You might know my freelance origin story. It’s one I tell a lot, at WordCamps and on podcasts. I sort of fell into it when I was 15 years old. My church asked if I could make them a website. After I declined, they offered to pay me. Pay me to learn? How could I pass it up! This predates WordPress, so I did everything using Microsoft Frontpage, then moved Notepad++. In 2004, I mentioned to my friend Stephen that I was thinking of building a CMS. He showed me WordPress, and the rest is history. For over 15 years, I’ve been freelancing and have used WordPress for most of that time. I get questions about both topics regularly, and I wanted to create a program for me to help WordPress freelancers specifically. So I created the WordPress Freelance Coaching Program.
Think about the last conversation you had via text or phone. Now think about the last conversation you had in person or via video. Consider the differences. How well were you able to pick up tone or meaning? Were there subtle communications you missed over the phone that you likely would have picked up in person? How much is lost when you’re not looking at the person you’re talking to.
When Steve Jobs presented the iPhone for the first time, he didn’t get up on stage and say, “Hey this is an iPhone.” Instead, he told a story – specifically the story of Apple. He built up the iPhone in terms that people understood. This made for an excellent presentation. It sucked people in, it made them invested in what it was talking about, and ultimately, he announced the iPhone to huge cheers. Steve Jobs knew how to give a great presentation.
Now, I’ve been speaking in front of people for a long time. My first on stage performance was at 7 years old, when I was in 2nd grade. I love being in front of people, whether I’m acting, teaching, or just talking. But giving a good conference presentation takes practice. After professionally speaking for almost 10 years, I know what works and what needs work. Here are my 5 steps to putting together a good conference talk.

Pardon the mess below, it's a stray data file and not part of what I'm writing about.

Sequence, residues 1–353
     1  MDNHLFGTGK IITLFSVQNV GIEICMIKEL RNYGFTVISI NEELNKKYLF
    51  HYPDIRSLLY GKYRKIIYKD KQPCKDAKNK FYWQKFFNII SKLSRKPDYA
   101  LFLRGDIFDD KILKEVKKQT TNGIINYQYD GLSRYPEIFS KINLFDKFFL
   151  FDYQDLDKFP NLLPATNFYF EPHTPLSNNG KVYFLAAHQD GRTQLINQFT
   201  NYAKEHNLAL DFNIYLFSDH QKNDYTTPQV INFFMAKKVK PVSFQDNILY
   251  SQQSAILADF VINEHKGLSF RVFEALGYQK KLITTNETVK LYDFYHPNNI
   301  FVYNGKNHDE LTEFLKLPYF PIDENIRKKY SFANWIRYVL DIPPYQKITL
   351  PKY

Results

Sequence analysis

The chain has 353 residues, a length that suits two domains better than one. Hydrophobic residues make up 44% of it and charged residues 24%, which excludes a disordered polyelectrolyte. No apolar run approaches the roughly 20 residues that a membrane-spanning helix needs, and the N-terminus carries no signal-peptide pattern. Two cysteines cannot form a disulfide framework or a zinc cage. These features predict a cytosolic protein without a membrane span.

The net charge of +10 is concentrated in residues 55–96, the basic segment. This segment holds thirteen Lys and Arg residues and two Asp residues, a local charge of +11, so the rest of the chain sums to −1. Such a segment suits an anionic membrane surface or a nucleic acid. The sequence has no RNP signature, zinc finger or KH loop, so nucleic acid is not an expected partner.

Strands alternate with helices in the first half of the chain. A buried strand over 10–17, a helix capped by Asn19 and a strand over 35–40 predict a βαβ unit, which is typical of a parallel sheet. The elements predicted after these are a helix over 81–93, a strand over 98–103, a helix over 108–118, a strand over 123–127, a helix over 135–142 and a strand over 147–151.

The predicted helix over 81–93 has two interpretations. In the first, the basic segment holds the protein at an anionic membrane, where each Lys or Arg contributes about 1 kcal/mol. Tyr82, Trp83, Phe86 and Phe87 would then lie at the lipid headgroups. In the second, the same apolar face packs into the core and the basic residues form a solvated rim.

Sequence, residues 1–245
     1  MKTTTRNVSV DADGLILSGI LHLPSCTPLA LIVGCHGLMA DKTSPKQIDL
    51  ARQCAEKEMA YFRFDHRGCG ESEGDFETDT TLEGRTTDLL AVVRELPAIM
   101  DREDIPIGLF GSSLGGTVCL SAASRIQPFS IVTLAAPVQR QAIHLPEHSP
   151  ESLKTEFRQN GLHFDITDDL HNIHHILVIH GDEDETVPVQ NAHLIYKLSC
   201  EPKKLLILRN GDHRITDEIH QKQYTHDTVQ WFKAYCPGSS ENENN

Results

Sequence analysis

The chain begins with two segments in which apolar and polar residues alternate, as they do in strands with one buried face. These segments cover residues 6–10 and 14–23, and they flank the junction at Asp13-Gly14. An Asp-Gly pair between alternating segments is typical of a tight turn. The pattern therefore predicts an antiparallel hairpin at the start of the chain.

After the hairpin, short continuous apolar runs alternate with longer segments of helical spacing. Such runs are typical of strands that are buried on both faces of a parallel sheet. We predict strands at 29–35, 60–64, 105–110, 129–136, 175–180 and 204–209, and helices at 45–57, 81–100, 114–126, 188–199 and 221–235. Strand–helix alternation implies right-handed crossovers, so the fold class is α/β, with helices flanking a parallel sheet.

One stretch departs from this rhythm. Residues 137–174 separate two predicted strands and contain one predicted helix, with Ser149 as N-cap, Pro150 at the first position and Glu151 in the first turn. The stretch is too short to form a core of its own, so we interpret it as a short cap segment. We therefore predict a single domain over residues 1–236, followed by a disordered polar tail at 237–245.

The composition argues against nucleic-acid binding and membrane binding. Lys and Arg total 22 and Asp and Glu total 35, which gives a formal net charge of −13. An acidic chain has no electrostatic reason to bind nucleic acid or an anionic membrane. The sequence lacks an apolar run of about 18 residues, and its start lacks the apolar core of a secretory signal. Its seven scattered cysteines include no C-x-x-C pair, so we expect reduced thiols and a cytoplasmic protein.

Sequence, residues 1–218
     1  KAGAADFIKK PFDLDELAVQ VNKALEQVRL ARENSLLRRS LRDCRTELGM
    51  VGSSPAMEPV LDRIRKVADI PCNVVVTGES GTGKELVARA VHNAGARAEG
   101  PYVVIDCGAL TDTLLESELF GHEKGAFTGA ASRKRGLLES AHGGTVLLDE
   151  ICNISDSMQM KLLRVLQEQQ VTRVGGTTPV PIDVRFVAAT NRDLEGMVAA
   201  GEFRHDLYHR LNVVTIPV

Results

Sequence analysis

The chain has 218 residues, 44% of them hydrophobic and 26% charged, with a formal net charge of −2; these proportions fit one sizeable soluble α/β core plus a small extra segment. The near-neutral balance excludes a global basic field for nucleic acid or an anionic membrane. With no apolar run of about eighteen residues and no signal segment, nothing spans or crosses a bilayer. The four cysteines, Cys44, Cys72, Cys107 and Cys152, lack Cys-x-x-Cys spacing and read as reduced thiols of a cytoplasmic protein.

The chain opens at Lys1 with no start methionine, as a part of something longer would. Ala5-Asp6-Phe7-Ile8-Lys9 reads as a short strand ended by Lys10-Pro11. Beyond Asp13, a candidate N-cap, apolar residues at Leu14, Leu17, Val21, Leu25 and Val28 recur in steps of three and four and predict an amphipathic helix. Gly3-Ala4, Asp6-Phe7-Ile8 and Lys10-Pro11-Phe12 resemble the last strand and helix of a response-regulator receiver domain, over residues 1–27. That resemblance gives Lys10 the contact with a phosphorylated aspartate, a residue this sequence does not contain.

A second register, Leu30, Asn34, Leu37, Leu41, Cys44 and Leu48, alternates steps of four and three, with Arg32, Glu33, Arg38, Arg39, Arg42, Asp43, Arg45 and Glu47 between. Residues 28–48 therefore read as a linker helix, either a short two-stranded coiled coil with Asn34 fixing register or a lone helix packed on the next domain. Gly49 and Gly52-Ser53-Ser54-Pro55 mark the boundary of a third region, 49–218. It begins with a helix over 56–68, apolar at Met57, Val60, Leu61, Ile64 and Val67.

Perhaps you’ve heard of the Socratic Method? At The University of Scranton, we loved good old Socrates, so we studied him and his methods a lot. The general idea, derived from how he would debate people, is to ask a series of questions until you get to the truth of the matter. He would often question people until they backed themselves into corners. Another, similar method is the “5 Whys.” You keep asking why until you get to the real root of the issue. The idea here is that you want to solve the right problem, so you need to know what the real problem is.
One year ago today, I launched Episode 1 of How I Built It, the podcast I started to learn from other business owners. I announced it by telling the story of Il Duomo, which I had seen in person 2 months prior. That’s still a great story that gets at the heart of what I’m trying to do on the podcast: learn from other people. I knew when I launched that it would be successful if I got great advice from people who’ve built great things. What I did not expect was the other successes I’ve seen. A year in, I have over 72,000 downloads. Each episode gets downloaded at least 1200 times 2 weeks after launch. And podcast sponsorships have become a major part of my income.
Back in April, I walked you through my current podcast gear, which I’ve been enjoying! That said, I always knew that this equipment was a temporary “between setups” setup that let me upgrade from a USB mic while familiarizing myself with interfaces and XLR mics without a huge investment. Hopefully in the Fall, I’ll be able to upgrade to the gear that I really want to have. Here’s a breakdown of that.
So…I write about learning a lot. Turns out, I really love learning. I also like coming up with plans about learning, and telling you about them. The last one that went really well was the one I did in January 2014, when I learned Sass. But now that I’m no longer at an agency, I feel like pushing myself to learn is even more important because it’s not part of my daily routine; I don’t have amazing co-workers I can learn from anymore. So with that in mind, I came up with a learning plan for the next few months of 2017.
Over the last few months, I’ve interviewed dozens of people, asking a pointed question: “How did you build that?” In that time I learned common tools, business decisions, and generosity. Recently I gave a talk where I went through the most important lessons I learned, and some tools to get the job done.